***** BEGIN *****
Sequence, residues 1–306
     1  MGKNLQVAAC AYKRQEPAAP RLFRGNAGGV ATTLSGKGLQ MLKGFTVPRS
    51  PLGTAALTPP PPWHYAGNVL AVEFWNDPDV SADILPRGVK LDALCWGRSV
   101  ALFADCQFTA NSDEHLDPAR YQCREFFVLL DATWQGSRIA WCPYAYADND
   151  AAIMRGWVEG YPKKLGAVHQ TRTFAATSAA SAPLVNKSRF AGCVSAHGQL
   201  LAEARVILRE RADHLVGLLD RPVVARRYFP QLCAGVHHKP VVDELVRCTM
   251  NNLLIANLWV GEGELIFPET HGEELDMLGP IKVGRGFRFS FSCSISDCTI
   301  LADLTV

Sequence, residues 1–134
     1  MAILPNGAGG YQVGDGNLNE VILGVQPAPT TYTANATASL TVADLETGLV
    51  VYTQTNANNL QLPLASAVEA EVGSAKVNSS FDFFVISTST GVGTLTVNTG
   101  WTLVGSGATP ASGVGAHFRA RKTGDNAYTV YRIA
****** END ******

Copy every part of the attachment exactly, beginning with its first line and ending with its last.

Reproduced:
Sequence, residues 1–306
     1  MGKNLQVAAC AYKRQEPAAP RLFRGNAGGV ATTLSGKGLQ MLKGFTVPRS
    51  PLGTAALTPP PPWHYAGNVL AVEFWNDPDV SADILPRGVK LDALCWGRSV
   101  ALFADCQFTA NSDEHLDPAR YQCREFFVLL DATWQGSRIA WCPYAYADND
   151  AAIMRGWVEG YPKKLGAVHQ TRTFAATSAA SAPLVNKSRF AGCVSAHGQL
   201  LAEARVILRE RADHLVGLLD RPVVARRYFP QLCAGVHHKP VVDELVRCTM
   251  NNLLIANLWV GEGELIFPET HGEELDMLGP IKVGRGFRFS FSCSISDCTI
   301  LADLTV

Sequence, residues 1–134
     1  MAILPNGAGG YQVGDGNLNE VILGVQPAPT TYTANATASL TVADLETGLV
    51  VYTQTNANNL QLPLASAVEA EVGSAKVNSS FDFFVISTST GVGTLTVNTG
   101  WTLVGSGATP ASGVGAHFRA RKTGDNAYTV YRIA